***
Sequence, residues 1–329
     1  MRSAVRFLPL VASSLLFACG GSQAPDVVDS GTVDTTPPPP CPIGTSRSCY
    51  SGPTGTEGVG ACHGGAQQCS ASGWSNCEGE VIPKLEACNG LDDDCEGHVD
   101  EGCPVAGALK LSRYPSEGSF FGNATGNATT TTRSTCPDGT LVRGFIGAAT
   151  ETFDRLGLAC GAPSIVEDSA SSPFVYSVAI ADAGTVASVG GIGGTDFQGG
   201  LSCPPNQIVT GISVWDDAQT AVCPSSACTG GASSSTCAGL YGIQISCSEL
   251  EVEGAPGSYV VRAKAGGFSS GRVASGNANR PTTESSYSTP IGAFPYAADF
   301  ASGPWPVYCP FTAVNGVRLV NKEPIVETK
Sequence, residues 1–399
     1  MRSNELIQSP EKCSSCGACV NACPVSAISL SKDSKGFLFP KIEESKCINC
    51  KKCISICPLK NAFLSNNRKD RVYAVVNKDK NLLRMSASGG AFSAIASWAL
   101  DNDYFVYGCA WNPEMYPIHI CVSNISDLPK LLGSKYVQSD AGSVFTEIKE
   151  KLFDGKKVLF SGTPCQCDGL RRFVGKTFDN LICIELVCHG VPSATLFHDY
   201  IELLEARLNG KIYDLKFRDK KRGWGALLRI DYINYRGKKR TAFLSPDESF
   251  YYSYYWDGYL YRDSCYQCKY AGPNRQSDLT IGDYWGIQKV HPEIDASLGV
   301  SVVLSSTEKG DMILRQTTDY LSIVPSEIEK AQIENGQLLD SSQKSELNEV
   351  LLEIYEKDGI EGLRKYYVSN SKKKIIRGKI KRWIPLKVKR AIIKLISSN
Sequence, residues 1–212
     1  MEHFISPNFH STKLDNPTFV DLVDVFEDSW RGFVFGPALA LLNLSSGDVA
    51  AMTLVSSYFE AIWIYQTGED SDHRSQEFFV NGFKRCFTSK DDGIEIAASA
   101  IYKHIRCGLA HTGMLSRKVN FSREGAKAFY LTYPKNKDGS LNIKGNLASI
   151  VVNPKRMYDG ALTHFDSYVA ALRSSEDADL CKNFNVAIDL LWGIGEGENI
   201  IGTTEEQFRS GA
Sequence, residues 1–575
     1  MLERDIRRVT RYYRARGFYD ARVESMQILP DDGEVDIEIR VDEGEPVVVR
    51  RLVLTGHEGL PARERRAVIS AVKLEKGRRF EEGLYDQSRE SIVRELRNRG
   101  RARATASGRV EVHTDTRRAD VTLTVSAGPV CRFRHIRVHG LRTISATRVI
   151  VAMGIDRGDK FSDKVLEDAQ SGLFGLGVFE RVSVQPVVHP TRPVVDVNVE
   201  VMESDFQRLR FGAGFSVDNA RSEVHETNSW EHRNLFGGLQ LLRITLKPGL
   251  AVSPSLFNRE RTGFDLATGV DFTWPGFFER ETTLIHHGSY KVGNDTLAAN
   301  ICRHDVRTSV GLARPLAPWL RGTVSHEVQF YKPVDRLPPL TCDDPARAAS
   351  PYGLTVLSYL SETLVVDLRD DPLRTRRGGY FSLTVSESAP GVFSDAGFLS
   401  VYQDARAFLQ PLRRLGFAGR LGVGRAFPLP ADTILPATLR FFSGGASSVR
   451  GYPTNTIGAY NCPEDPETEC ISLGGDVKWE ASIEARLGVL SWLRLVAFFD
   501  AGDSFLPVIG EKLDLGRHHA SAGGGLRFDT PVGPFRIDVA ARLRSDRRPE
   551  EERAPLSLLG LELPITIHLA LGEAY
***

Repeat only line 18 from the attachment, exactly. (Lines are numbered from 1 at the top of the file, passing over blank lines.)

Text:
Sequence, residues 1–212